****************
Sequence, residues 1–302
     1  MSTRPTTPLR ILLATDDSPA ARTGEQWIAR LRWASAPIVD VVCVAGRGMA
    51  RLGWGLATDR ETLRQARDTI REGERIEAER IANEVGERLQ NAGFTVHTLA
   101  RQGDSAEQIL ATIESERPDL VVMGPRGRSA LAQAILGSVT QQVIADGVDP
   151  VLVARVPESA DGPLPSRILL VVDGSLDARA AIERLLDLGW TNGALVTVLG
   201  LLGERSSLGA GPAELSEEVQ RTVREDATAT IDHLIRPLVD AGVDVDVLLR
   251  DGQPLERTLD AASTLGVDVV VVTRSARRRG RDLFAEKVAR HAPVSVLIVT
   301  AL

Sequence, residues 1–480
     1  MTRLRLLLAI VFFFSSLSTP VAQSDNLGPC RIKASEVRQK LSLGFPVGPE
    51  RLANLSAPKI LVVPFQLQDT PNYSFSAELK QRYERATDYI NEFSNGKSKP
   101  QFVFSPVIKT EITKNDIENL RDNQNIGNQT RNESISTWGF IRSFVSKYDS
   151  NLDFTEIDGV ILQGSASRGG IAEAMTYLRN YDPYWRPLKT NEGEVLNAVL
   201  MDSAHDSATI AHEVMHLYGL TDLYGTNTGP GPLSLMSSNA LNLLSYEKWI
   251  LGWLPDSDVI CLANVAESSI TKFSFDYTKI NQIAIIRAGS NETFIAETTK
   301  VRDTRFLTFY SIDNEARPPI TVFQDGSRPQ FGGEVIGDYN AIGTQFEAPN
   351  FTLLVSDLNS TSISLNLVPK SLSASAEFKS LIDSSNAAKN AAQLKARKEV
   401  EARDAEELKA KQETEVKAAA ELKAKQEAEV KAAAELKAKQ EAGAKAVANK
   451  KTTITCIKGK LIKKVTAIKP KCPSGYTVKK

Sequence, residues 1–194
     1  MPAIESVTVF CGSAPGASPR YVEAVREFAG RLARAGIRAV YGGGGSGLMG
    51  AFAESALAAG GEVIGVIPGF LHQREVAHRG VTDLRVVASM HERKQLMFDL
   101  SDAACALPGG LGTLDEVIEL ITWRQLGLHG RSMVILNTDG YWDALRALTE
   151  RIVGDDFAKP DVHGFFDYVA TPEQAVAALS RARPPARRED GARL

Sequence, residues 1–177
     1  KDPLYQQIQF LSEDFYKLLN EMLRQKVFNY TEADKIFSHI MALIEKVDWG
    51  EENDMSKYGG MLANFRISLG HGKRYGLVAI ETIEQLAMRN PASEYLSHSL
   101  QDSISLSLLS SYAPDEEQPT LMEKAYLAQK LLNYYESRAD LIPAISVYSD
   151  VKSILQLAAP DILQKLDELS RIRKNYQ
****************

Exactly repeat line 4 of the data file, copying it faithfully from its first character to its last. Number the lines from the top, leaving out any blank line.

   101  RQGDSAEQIL ATIESERPDL VVMGPRGRSA LAQAILGSVT QQVIADGVDP